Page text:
Aug 4, 2011

PR practitioners gone rogue

Despite Public Relations (PR) being a popular course taught in Kenyan colleges today, it may soon not be a career of choice for many students. PR is ordinarily communication and activities designed to promote good-will and understanding among the publics and the media. The practice of PR by most companies and institutions is however not portraying well our PR practitioners.

In most cases PR practitioners are the spokesmen and faces of their organizations. They also take charge of customer relations and public information activities. It doesn’t seize to amaze though how worse customer service can get in some companies despite having fully equipped PR departments.

The way KPLC handled its power rationing communication for instance was not the best way whatsoever. There surely had to be a way of preparing customers for the bad news. Dropping the bomb-shell as they did especially on the backdrop of re-branding and committing to enhanced customer service was a raw deal to its customers.

Dr. Alfred Mutual is another example of bad PR practice. No offense to the government spokesman but it is hard to admire his professional skills; especially because he is the senior most PR practitioner in Kenya. He has deliberately perfected himself as a cunning sophist who only understands PR as spin.

PR can only add value when it’s not reduced to just a mare self defense and clean up affair as eminently done in Kenya. A few companies take PR seriously though, but more needs to be done. Practitioners need to carry themselves professionally; otherwise PR students will have no one to look up to.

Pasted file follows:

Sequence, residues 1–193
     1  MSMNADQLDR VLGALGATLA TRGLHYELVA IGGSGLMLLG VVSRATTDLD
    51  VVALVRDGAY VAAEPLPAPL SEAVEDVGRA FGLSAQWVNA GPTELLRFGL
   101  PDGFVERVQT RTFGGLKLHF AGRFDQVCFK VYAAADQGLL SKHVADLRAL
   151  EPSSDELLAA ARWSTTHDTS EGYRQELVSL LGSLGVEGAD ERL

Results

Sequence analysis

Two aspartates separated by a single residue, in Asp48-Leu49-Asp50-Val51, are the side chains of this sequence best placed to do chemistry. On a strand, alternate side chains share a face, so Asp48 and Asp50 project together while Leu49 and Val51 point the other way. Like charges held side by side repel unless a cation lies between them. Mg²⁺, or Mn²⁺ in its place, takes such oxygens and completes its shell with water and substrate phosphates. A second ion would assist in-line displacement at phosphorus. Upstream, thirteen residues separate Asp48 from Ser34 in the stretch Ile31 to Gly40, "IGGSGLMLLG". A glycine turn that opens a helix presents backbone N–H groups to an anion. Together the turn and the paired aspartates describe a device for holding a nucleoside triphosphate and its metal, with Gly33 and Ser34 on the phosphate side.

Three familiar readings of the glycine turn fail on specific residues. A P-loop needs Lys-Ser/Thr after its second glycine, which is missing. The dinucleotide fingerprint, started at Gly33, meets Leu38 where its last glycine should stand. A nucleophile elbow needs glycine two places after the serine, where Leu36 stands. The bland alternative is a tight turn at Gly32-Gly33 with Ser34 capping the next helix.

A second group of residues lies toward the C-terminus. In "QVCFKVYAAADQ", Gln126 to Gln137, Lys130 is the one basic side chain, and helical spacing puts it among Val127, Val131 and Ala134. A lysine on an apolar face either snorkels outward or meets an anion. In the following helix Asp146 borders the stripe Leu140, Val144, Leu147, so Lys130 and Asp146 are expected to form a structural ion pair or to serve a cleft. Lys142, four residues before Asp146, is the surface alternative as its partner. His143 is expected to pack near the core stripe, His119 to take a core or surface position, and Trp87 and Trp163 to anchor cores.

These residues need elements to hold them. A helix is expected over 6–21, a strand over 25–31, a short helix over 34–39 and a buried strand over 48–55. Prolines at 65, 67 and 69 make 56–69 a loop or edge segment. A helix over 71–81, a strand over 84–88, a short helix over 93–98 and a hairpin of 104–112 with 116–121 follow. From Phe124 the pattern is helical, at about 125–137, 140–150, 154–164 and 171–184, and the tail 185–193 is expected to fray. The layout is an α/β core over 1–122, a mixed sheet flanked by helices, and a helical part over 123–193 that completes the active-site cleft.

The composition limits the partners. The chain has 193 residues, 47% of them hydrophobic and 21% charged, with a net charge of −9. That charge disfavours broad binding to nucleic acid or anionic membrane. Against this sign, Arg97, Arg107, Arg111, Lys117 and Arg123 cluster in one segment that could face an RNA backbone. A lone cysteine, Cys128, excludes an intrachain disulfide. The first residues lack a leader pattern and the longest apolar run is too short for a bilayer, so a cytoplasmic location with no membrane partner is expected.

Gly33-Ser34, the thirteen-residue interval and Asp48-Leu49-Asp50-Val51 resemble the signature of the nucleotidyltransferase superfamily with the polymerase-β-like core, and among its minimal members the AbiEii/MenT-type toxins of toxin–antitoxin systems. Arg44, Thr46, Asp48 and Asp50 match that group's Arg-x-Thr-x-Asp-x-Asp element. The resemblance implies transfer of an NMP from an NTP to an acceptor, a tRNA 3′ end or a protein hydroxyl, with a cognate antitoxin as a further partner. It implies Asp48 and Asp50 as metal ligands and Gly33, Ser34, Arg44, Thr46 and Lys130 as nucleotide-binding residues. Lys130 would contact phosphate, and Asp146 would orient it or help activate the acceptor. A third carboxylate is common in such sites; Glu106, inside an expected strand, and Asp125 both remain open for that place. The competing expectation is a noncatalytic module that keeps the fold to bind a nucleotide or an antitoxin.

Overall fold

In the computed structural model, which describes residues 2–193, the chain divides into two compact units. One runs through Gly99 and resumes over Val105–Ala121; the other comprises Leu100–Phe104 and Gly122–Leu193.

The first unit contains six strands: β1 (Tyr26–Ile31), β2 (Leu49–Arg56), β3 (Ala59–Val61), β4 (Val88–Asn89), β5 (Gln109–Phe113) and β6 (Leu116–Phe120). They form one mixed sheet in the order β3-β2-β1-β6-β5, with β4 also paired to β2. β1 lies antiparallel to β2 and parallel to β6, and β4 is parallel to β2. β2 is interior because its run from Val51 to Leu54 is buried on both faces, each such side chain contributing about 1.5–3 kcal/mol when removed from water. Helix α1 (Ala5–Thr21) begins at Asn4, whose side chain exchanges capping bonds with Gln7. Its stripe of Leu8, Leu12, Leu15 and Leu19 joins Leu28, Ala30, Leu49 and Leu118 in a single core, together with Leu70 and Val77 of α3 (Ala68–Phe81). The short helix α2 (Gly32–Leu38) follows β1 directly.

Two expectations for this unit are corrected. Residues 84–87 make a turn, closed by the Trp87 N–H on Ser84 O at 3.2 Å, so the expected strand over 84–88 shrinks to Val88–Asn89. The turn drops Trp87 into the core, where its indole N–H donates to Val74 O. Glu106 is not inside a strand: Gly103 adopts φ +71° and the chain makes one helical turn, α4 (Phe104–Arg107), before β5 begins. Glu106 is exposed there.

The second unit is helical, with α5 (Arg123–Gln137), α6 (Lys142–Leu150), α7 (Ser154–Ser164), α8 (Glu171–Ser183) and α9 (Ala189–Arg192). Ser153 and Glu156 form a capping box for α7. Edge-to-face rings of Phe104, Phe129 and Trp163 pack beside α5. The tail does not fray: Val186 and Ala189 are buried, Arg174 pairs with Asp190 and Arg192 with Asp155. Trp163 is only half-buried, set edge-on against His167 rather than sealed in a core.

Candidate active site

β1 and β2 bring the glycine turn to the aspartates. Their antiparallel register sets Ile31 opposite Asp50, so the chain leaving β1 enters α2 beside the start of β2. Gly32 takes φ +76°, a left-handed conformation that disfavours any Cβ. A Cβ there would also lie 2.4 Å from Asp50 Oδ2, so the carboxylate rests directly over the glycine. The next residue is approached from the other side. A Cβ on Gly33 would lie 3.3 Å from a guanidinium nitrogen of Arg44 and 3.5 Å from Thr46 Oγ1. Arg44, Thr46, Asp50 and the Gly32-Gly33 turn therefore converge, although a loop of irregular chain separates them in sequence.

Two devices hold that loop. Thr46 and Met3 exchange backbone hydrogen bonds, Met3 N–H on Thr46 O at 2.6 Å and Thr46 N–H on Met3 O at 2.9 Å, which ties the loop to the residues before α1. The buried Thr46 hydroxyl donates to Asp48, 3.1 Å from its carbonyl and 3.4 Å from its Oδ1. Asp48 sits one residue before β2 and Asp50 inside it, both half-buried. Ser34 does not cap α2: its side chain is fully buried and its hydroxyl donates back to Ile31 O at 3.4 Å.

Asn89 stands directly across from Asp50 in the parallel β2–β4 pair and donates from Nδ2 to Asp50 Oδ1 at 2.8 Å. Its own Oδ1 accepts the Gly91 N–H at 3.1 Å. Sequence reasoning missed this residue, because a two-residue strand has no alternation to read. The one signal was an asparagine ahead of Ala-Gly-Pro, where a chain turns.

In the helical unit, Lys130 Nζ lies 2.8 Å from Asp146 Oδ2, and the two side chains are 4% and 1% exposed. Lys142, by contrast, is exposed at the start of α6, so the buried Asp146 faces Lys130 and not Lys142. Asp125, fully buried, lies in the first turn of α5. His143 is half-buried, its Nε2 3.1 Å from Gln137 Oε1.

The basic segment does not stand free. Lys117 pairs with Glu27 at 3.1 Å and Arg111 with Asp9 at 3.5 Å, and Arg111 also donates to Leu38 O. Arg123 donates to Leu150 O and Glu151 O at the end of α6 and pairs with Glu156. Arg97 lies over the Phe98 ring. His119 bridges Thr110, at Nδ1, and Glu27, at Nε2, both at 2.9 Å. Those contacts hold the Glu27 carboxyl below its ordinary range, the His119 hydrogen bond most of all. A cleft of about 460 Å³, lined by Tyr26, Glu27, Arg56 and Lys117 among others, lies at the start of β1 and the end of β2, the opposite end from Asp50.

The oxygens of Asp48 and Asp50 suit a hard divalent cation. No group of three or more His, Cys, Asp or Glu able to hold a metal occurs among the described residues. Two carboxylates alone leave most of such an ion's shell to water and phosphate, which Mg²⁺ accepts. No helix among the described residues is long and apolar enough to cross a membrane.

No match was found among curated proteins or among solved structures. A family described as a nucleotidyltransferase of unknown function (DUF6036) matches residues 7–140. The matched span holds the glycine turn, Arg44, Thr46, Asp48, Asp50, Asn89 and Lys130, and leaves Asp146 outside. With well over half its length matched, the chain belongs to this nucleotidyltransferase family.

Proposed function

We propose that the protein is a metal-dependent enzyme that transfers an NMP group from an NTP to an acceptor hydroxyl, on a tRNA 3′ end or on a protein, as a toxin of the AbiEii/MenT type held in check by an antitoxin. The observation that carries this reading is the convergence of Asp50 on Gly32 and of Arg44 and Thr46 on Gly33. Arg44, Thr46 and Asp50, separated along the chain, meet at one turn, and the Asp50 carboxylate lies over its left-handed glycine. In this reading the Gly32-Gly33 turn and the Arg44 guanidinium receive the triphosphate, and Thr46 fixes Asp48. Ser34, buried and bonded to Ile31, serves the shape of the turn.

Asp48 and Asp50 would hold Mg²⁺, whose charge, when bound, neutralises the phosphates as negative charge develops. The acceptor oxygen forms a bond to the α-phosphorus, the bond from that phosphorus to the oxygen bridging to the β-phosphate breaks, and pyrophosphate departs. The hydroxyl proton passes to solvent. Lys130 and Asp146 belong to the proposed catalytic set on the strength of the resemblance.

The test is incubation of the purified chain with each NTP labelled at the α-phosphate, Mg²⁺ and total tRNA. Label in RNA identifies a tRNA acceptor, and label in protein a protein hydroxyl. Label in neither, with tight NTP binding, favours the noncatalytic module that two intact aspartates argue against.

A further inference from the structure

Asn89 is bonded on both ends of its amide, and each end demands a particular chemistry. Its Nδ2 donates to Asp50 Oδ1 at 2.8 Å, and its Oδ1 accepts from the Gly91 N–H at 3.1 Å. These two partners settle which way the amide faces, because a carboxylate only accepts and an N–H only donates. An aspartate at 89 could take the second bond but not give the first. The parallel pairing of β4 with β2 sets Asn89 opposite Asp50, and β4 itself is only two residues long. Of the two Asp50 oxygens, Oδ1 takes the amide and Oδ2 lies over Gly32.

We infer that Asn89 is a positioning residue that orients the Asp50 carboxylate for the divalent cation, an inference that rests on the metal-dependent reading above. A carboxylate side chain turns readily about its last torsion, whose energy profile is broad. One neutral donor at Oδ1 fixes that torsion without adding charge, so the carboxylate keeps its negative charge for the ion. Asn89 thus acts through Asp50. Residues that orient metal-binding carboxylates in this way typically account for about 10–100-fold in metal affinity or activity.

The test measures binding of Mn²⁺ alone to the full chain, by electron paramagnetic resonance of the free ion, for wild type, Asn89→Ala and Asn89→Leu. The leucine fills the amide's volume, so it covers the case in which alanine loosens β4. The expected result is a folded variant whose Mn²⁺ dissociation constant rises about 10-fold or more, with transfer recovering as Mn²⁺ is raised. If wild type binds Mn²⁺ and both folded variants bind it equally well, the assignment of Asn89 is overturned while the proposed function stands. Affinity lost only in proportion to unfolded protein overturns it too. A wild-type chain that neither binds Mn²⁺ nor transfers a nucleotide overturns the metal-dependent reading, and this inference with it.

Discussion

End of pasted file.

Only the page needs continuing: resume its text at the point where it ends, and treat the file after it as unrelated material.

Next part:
Index Insurance key to the agricultural sector

The effects of global warming are now on their worst following the severe drought that is being experienced in parts of Kenya and the horn of Africa. Droughts have consistently destroyed our crops and killed livestock which are the mainstay of our economy. We haven’t quite found a reliable solution to this annual calamity but index insurance may soon be the sustainable way to mitigate its effects.

Index insurance is a brilliant idea which if effected will be a significant risk management tool especially in our agricultural sector. The policy which was recently launched in Geneva will compensate financial loss for properties exposed to climate related risks such as drought.

This is obviously good news to farmers who suffer losses every year due to outcomes beyond their influence. Livestock holders in north eastern Kenya where drought is eminent should brace themselves for this insurance policy which may just be a solution to their perennial problem. Rural smallholder farmers too should not suffer unnecessary losses any more when they can easily be compensated.

More insurance companies need to come out and float this product to Kenyans. This, coupled with large scale farming projects as pronounced by government in Turkana last week will go a long way in eradicating famine in Kenya.